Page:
Chüebodenhorn is 3,070 meter high in the Lepontine Alps. The Ghiacciaio del Pizzo Rotondo lies at the foot of its north face and Chüebodengletscher is on its south side. Chüebodengletscher is confined to a small cirque, and currently ends in a lake . In several recent years including 2010 the glacier lost all of its snowcover. The glacier is currently 500 meters long and has an elevation range of 75 meters. The lake which fringes the glacier will turn into a circular alpine lake as the glacier melts away. At present the crescent shaped lake is 140 meters wide. The annual layers in this glacier are evident much like tree rings, that the are all emergent at the surface indicates that all the snow and firn that is supposed to cover most of a glacier at the end of the summer, has been lost from all of the glacier. There are at least 75 annual layers evident. The youngest layer (y) is at the top of the glacier and oldest (o) at the bottom.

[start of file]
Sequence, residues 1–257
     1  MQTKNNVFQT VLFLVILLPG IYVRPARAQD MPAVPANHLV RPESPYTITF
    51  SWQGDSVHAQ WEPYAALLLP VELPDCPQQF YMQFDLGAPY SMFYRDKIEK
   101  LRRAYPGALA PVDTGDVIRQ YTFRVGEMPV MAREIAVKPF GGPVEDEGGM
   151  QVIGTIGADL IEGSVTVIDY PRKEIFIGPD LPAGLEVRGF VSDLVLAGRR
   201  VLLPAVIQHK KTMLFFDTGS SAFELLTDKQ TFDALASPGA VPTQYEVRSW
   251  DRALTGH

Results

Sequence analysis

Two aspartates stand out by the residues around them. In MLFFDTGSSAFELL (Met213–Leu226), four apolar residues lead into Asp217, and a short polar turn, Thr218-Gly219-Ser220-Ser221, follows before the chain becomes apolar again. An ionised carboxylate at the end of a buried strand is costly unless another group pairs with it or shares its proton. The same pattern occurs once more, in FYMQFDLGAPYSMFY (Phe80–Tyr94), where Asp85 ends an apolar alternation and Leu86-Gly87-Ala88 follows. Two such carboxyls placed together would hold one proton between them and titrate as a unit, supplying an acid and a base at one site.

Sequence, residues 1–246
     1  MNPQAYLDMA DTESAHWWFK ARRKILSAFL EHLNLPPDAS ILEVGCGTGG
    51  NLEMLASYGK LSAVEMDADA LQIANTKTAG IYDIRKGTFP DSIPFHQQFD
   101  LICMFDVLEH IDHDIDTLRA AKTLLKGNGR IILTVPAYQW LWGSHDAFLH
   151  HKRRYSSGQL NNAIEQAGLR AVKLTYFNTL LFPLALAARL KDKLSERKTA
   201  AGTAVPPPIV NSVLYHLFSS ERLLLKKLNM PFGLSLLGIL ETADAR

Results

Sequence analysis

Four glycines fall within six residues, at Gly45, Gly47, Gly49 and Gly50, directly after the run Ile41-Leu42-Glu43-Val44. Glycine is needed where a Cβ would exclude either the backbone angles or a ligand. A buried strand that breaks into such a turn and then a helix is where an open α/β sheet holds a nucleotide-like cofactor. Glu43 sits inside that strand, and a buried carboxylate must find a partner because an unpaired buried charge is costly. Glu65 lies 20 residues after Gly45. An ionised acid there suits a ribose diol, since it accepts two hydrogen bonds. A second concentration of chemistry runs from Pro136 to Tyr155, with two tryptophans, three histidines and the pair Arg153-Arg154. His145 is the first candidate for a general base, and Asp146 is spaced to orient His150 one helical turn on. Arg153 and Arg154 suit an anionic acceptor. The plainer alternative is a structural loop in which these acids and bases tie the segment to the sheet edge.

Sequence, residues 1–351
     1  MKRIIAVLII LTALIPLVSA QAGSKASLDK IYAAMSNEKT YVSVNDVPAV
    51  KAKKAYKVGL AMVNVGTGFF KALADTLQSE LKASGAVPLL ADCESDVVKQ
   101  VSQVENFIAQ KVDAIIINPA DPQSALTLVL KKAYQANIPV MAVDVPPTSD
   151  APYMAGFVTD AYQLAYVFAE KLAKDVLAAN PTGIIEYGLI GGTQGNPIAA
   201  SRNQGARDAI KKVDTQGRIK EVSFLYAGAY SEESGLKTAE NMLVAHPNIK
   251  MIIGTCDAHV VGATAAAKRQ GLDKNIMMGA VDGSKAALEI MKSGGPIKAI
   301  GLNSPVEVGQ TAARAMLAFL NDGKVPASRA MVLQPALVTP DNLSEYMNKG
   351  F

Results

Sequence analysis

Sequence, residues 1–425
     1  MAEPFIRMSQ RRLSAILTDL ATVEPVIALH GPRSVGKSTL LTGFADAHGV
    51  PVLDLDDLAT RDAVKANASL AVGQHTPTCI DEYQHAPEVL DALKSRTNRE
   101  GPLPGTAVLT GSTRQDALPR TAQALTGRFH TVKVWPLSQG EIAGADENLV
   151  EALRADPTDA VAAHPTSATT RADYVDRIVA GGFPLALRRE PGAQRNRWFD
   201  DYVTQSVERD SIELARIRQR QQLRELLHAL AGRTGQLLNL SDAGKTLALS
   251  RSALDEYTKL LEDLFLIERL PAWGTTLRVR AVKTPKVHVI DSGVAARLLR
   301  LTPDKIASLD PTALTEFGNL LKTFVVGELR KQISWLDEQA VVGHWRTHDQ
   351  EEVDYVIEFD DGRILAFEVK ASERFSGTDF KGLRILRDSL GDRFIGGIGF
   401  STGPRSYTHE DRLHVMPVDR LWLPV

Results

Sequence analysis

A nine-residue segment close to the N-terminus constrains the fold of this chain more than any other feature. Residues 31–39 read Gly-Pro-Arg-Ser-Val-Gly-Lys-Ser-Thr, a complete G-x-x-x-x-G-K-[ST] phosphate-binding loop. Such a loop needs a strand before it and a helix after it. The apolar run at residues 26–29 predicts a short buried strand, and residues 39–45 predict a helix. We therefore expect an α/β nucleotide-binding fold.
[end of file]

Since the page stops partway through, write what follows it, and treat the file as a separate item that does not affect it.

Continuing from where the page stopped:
Ghiacciaio del Pizzo Rotondo is a thin slope glacier. This glacier also has a short elevation span of 80 meters from the terminus to its head in a distance of 500 meters. The glacier is a slope glacier that has little apparent thickness. The glacier will be lost faster than the thicker Chüebodengletscher. Ghiacciaio del Pizzo Rotondo also has lost all of its snowcover, and without a persistent and consistent accumulation zone it cannot survive. These two glaciers are losing mass like many neighboring such as the large Gries Glacier monitored by the In the graph below From the Swiss Glacier Monitoring Network the cumulative mass loss of Gries Glacier has been 20 meters. Swiss Glacier Monitoring Network. This mass loss of Swiss Glaciers led to 86 of the 95 glacier observed to retreat, while six were stationary and three advanced. The lack of an accumulation zone indicates that the glaciers will follow the path of Presena Glacier and Dosde Glacier unlike Oberaar Glacier which retains an accumulation zone.